By — Shyamal Sinha
If Buddha were to return to our world, he would certainly be connected to the campaign to protect the environment.
Speaking for myself, I have no hesitation in supporting initiatives that help protect the environment. This is a question of survival because this beautiful blue planet is our only home.
Over the past year, millions of young brothers and sisters have been protesting, calling on political leaders to take action to combat climate change. They are helping to educate the public even as we all witness the destruction of ecosystems and the dramatic decrease in biodiversity.
I really appreciate Greta Thunberg’s efforts to raise awareness of the need to take direct action. Her effort to elevate the issue of global warming among schoolchildren is a remarkable achievement. Despite being very young, her sense of universal responsibility is wonderful. I support her “Fridays for Future” movement.
I believe that every individual has a duty to help guide our global family in the right direction. Prayers and good wishes alone are not enough. We have to assume responsibility. Large human movements spring from individual human initiatives.
The youth of the 21st century have the ability and opportunity to bring change, to create a century of peace, dialogue and compassion. Even as global warming increases in intensity, many young people are working together to share and find solutions. They are our real hope.
Ideas may travel from the top down, but the movements that put them into effect have to work from the bottom up. Because their efforts are based on truth and reason, I believe young people will succeed in bringing about real change.
However, we cannot rest our hopes only on the younger generation. We have to choose political leaders who will act on this issue with urgency. Today, we are seeing a strong connection between environmental politics and elections.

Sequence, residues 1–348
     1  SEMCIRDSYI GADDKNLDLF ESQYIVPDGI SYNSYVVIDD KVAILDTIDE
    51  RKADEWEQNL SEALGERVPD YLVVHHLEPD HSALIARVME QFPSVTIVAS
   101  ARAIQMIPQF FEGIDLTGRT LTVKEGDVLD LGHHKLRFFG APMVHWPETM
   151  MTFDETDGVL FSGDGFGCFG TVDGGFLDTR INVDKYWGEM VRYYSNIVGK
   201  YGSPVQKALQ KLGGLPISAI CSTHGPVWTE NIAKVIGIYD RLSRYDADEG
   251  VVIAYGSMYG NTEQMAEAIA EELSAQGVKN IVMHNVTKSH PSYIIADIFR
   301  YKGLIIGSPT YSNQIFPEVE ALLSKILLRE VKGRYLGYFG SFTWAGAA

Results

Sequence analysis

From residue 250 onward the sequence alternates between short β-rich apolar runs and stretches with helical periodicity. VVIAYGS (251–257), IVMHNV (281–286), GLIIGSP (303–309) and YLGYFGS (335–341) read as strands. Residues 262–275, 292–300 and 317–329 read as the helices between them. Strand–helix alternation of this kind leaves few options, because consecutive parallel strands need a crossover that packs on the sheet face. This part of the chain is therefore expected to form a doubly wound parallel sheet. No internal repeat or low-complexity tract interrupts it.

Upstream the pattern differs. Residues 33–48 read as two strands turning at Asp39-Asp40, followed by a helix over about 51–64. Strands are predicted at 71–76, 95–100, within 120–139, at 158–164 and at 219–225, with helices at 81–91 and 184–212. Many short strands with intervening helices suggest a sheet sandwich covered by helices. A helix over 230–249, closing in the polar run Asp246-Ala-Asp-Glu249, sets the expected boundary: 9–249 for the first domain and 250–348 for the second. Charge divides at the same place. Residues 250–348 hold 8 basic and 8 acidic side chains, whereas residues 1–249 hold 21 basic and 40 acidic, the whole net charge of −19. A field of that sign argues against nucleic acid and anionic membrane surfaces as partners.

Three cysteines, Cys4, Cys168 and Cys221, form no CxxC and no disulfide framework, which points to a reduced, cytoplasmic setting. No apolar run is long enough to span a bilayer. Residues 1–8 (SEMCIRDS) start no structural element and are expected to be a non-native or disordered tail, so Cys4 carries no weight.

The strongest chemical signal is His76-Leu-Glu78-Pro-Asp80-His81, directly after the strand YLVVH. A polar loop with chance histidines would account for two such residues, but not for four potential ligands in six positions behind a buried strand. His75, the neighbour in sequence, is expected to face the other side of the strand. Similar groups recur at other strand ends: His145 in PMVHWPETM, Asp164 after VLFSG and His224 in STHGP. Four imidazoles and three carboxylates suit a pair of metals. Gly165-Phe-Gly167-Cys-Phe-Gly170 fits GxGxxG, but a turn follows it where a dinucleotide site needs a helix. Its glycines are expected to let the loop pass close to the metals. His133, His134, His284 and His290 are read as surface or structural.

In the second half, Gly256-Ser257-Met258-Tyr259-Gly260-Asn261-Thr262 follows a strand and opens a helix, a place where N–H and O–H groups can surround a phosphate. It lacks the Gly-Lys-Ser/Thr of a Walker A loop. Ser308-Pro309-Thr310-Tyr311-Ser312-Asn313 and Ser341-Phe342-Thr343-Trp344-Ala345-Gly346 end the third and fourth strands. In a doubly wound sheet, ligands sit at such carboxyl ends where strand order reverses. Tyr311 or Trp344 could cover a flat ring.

Tibetan spiritual leader the Dalai Lama called on world leaders Saturday to join forces in fighting climate change.
“Now we should pay more attention about global warming,” the exiled leader said in a video message to a virtual meeting of Group of Seven parliamentary leaders.
The session was hosted by the speaker of the US House of Representatives, Nancy Pelosi, a longstanding advocate for the Himalayan region.
National leaders have been meeting less frequently with the Dalai Lama due to pressure from China.
In his video address, the Dalai Lama said people today have more of a sense of shared interest in saving the planet.
“If you look (at) past history, too much emphasis individual nation, individual religion, including color,” the 85-year-old Buddhist leader said, according to a statement from the International Campaign for Tibet.
“So it creates a lot of problem. Basically, you see, they are selfish, self-centered attitudes,” the 1989 Nobel peace laureate said.
Climate change is affecting some of the world’s least powerful people, the Dalai Lama added.
“Due to global warming, too much rain some area. Some area dry. So these people suffer,” the Dalai Lama said. “Particularly like in Africa and some area in India and China also.”
The impact along economic lines is also imbalanced, he added.
“The rich people, big hotel, not much serious sort of feeling,” the Dalai Lama said. “But poor people, they really face serious problem.”
Saturday’s meeting brought Pelosi together with counterparts from Britain, Canada, the European Union, France, Germany, Italy and Japan.
I often have the impression that politicians do not take climate and environmental protection seriously enough. Ignorance is the No. 1 enemy.
It is not sufficient to hold meetings and conferences. We must set a timetable for change. Only if political leaders start to act now will we have reason to hope. We must not sacrifice our civilization for the greed of the few.
Journalists have an equally important role. I tell them that in this modern time they have a special responsibility to bring awareness to the people — not just report on bad news, but they must also bring people hope.
Recent studies suggest that the world is getting close to exceeding its carbon budget. Therefore, this budget must become the most important currency of our time. Politicians are gradually running out of excuses, but we must use our time wisely.
The 7 billion human beings on Earth need a sense of universal responsibility as our central motivation to rebalance our relations with the environment. Appreciating the sense of oneness of humanity in the face of the challenge of global warming is the real key to our survival.
Since the future of all coming generations rests on our shoulders, we must be determined in taking action before it is too late.
I’m a monk so I have no children, but people who have children have to think about how life will be for them and their grandchildren. We’re at the start of the 21st century. Even now, we should be looking ahead to how things might be in the 22nd and the 23rd centuries.